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The association of waterpipe tobacco smoking with later initiation of cigarette smoking: a systematic review and meta-analysis exploring the gateway theory
  1. Dana Al Oweini1,
  2. Mohammed Jawad2,
  3. Elie A Akl3,4
  1. 1Faculty of Health Sciences, American University of Beirut, Beirut, Lebanon
  2. 2Public Health Policy Evaluation Unit, Imperial College London, London, UK
  3. 3Department of Internal Medicine, American University of Beirut, Beirut, Lebanon
  4. 4Clinical Research Institute, American University of Beirut, Beirut, Lebanon
  1. Correspondence to Professor Elie A Akl, Department of Internal Medicine, American University of Beirut, Beirut 1107 2020, Lebanon; ea32{at}aub.edu.lb

Abstract

Introduction There is a concern that waterpipe tobacco smoking (WTS) can lead to the later initiation of cigarette smoking, a concept referred to as the ‘gateway theory’. The objective of the study was to systematically review the literature for the association of WTS with later initiation of cigarette smoking.

Methods We searched Medline, Embase and ISI Web of Science in April 2018 without using any language or date restrictions. We selected eligible studies, abstracted data and assessed the risk of bias using a duplicate and independent approach. We meta-analysed the ORs across eligible studies using the inverse variance method and the random-effects model. We assessed the certainty of evidence using the Grading of Recommendations Assessment, Development and Evaluation methodology.

Results We included eight papers reporting on six eligible prospective cohort studies with a total of 21 224 participants, belonging to the adolescent and young adult age categories. The pooled adjusted OR for the association between ever waterpipe user (compared with never waterpipe user) at baseline, with ‘cigarette smoking initiation’ (ever cigarette use) was 2.54 (95% CI 1.60 to 4.02) at 6 months to 3 years follow-up (moderate certainty evidence). The pooled adjusted OR for the association between ever waterpipe user (compared with never waterpipe user) at baseline, with ‘current cigarette smoking’ (past 30-day cigarette use) was 2.04 (95% CI 1.32 to 3.15) at 1–2 years follow-up (moderate certainty evidence). The pooled adjusted OR for the association between past 30-day waterpipe user (compared with never waterpipe user) at baseline, with current cigarette smoking (past 30-day cigarette use) 2.46 (95% CI 1.73 to 3.49) at 6 months to 1 year follow-up (high certainty evidence).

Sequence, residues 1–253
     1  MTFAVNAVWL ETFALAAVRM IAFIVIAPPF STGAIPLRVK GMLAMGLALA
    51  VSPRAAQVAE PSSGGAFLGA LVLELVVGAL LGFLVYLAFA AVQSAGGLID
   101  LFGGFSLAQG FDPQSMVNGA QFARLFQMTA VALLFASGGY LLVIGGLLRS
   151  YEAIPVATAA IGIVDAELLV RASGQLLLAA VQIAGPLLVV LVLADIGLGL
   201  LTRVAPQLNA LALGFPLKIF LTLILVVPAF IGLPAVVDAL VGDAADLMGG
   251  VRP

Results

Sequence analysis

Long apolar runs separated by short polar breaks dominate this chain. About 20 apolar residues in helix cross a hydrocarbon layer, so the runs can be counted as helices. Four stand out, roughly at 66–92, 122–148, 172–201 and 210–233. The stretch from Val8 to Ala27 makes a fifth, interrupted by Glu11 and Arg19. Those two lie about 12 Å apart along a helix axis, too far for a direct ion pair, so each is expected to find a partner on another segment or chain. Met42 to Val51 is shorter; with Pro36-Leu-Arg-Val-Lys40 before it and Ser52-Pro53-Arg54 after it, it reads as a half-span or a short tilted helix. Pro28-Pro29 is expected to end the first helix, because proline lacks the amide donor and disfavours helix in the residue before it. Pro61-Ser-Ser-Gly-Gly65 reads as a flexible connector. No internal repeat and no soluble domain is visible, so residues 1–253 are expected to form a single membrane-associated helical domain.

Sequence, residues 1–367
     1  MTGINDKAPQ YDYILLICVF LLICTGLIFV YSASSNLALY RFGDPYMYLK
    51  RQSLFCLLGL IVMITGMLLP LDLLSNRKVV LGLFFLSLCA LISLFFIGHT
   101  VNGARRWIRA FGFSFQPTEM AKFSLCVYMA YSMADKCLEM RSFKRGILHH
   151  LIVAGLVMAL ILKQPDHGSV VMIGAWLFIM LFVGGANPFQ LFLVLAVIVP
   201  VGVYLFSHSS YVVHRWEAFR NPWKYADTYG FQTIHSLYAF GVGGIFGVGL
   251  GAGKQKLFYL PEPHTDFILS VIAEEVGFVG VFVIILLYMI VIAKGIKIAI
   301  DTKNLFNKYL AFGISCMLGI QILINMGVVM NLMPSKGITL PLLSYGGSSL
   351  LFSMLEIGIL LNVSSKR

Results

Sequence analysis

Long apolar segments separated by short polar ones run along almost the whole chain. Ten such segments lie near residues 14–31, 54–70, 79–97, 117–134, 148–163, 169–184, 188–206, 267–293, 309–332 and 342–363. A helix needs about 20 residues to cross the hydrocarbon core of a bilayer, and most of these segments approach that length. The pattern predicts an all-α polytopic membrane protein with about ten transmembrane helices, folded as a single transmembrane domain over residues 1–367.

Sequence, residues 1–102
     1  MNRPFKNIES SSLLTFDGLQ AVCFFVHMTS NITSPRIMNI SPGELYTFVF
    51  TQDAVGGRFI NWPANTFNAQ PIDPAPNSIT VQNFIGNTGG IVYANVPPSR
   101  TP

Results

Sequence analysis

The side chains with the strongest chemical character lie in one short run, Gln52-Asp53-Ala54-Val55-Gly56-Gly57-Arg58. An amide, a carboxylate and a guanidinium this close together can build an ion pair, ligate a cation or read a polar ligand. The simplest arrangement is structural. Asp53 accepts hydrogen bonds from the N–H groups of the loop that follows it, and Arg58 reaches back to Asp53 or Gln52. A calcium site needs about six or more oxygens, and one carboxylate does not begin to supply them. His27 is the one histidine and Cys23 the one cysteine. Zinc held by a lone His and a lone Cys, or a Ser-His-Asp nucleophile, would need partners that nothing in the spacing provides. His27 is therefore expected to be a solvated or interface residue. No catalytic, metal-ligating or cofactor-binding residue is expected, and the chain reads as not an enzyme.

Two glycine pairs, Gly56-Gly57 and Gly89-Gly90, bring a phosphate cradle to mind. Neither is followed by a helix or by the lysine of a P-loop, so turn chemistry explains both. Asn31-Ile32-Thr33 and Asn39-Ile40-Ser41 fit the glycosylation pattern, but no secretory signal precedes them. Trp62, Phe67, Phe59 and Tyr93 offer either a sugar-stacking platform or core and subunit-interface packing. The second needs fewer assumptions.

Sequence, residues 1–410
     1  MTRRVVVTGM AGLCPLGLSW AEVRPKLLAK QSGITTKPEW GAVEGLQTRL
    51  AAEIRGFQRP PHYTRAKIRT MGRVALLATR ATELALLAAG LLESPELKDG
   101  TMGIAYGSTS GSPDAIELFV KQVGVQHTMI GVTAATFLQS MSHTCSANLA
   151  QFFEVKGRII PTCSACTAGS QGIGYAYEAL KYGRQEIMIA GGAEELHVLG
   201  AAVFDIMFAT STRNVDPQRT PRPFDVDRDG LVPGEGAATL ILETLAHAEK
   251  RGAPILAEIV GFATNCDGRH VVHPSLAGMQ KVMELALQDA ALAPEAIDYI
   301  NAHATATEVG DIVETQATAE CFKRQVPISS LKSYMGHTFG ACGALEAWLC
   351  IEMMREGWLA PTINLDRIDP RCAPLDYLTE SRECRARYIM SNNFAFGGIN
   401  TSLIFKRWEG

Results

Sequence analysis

Conclusion Our findings indicate that WTS is associated with more than doubling of the odds of later initiation of cigarette smoking, supporting the gateway theory. Strengthening WTS policies is a priority and further research is needed on the development and evaluation of appropriate clinical and public health interventions.

  • non-cigarette tobacco products
  • addiction
  • nicotine
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Footnotes

  • Contributors EA and DA contributed to the study conception and design. DA developed the search strategy. DA and MJ contributed to the screening of articles and the acquisition of the data from the selected studies. Together DA, MJ, and EA contributed to the analysis and interpretation of data. DA and EA drafted the manuscript. DA, MJ, EA contributed to the critical revision and the final version of the manuscript. EA, the corresponding author attests that all listed authors meet authorship criteria and that no others meeting the criteria have been omitted.

  • Funding The authors have not declared a specific grant for this research from any funding agency in the public, commercial or not-for-profit sectors.

  • Competing interests None declared.

  • Patient consent for publication Not required.

  • Provenance and peer review Not commissioned; externally peer reviewed.

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